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REACH—The Essential Guide
Posted: June 16, 2008
page 4 of 6
Once the full scope of REACH has been understood, it is essential to assess the implications for product portfolios. A key consideration will be the potential need for reformulation; some substances may become unavailable if suppliers are unable to comply with the regulation.
Treatt’s range of products, for example, can be divided into three groups: essential oils and extracts, aroma chemicals and blends (or preparations as they are described in REACH). Each will be treated differently under REACH regulation.
Essential oils and extracts: By far the most complicated category, essential oils and extracts are referred to as Natural Complex Substances (NCS) within the industry or Substances of Unknown or Variable composition (UVCBs) under REACH. Many of these substances are imported into the EU in quantities greater than one tonne per year. The challenge for this category is that many of these substances have been used for hundreds of years, and as a result are generally recognized as safe. This means that the necessary test data has never been generated. Therefore, many companies possess the physico-chemical data but lack testing facilities to produce the required human and environmental exposure data. The European Flavor & Fragrance Association and the European Federation of Essential Oils have formulated a plan to assist the industry in preparing for the registration of Natural Complex Substances. This is primarily through the formation of pre-consortia which preempt the substance information exchange forum described in the regulation. For the highest priority aroma chemicals and naturals, namely those requiring registration in 2010, this process has already started.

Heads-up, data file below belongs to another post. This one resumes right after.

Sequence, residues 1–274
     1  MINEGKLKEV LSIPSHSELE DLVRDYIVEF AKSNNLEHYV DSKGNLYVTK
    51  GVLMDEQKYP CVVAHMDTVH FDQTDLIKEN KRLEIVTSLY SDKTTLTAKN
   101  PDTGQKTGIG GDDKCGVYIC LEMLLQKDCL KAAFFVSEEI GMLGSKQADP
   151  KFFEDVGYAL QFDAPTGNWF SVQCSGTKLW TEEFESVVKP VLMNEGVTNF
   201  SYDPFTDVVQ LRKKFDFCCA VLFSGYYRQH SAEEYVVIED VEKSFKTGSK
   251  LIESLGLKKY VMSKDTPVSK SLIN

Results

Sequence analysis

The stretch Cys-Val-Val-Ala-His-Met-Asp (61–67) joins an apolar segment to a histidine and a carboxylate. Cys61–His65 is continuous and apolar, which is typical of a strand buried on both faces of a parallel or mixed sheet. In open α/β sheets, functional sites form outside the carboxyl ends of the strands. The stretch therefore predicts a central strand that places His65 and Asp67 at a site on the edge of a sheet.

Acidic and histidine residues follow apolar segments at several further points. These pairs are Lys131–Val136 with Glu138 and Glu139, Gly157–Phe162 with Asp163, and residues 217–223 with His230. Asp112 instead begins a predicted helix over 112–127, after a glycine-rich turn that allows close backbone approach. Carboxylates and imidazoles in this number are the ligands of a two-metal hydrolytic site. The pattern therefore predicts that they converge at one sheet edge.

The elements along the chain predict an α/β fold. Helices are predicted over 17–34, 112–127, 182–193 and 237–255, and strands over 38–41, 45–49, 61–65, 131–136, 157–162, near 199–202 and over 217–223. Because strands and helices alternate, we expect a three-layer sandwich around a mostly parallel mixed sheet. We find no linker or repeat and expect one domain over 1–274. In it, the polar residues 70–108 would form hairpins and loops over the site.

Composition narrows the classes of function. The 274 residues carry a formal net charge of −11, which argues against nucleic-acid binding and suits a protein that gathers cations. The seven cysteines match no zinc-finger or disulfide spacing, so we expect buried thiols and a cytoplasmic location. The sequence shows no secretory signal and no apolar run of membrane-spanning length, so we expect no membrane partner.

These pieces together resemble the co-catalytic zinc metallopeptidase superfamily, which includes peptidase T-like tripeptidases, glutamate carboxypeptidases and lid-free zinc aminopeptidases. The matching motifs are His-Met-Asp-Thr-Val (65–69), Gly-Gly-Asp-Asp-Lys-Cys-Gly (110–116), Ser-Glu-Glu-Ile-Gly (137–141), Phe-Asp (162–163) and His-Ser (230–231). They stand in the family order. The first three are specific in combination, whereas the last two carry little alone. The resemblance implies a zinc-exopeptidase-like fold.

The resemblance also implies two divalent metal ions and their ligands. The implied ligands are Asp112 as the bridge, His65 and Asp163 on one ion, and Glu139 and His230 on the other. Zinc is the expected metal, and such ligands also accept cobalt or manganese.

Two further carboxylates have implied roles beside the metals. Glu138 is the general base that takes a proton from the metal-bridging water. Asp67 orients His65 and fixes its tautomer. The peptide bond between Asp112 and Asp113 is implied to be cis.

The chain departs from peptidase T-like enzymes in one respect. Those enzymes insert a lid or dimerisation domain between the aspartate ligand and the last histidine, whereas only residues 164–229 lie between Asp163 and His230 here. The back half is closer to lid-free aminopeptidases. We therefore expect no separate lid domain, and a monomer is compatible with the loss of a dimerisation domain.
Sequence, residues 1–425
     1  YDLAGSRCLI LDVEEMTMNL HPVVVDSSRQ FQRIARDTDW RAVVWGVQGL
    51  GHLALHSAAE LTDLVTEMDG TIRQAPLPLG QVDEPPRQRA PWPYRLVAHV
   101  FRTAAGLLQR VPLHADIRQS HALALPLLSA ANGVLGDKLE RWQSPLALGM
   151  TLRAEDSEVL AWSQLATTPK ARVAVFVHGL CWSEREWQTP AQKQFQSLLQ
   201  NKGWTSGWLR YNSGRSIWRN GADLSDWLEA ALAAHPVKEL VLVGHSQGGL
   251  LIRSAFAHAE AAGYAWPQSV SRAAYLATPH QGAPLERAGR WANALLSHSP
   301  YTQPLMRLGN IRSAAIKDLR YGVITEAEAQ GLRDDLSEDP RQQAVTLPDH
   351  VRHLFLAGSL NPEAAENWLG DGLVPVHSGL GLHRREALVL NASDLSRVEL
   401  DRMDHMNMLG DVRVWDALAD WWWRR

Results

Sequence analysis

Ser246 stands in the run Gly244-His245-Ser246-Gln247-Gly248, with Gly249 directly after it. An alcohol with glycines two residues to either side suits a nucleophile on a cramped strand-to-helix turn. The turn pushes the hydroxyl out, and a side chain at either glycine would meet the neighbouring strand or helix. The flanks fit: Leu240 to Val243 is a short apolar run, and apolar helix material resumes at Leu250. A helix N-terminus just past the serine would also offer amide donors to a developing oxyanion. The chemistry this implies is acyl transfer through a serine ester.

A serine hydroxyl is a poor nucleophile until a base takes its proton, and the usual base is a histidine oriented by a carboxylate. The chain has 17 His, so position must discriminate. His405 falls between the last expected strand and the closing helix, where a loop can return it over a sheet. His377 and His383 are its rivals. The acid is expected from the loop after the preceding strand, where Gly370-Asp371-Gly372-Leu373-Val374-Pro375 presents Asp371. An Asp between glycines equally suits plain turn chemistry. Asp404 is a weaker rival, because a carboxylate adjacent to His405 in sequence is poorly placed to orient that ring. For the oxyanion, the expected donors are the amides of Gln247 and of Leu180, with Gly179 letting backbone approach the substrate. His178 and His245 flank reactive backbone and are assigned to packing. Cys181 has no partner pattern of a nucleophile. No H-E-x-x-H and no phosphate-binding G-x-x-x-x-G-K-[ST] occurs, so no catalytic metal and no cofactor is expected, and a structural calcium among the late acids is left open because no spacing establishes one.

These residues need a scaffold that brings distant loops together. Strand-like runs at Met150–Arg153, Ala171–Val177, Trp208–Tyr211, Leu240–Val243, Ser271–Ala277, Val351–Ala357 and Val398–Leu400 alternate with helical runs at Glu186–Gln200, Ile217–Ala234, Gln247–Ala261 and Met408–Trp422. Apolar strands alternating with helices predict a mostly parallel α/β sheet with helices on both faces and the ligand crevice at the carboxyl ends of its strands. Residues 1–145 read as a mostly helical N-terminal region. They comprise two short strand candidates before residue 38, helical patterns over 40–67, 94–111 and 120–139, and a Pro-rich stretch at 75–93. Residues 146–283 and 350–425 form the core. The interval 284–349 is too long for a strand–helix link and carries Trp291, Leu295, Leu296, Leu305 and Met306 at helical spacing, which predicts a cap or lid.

Aroma chemicals: Aroma chemicals can be considered ‘well defined substances’—substances with a defined qualitative and quantitative composition that can be sufficiently identified based on the required identification parameters. Initial assessments have indicated that for importers and distributors of these substances, like Treatt, much of the required data is already available or will become available through data sharing. However, assessment of volumes and supply lines will be necessary to determine which substances importers will need to register.
Preparations or blends: Although preparations or blends do not need to be registered under REACH, companies must record the substances in these preparations that are present in quantities greater than one tonne per year.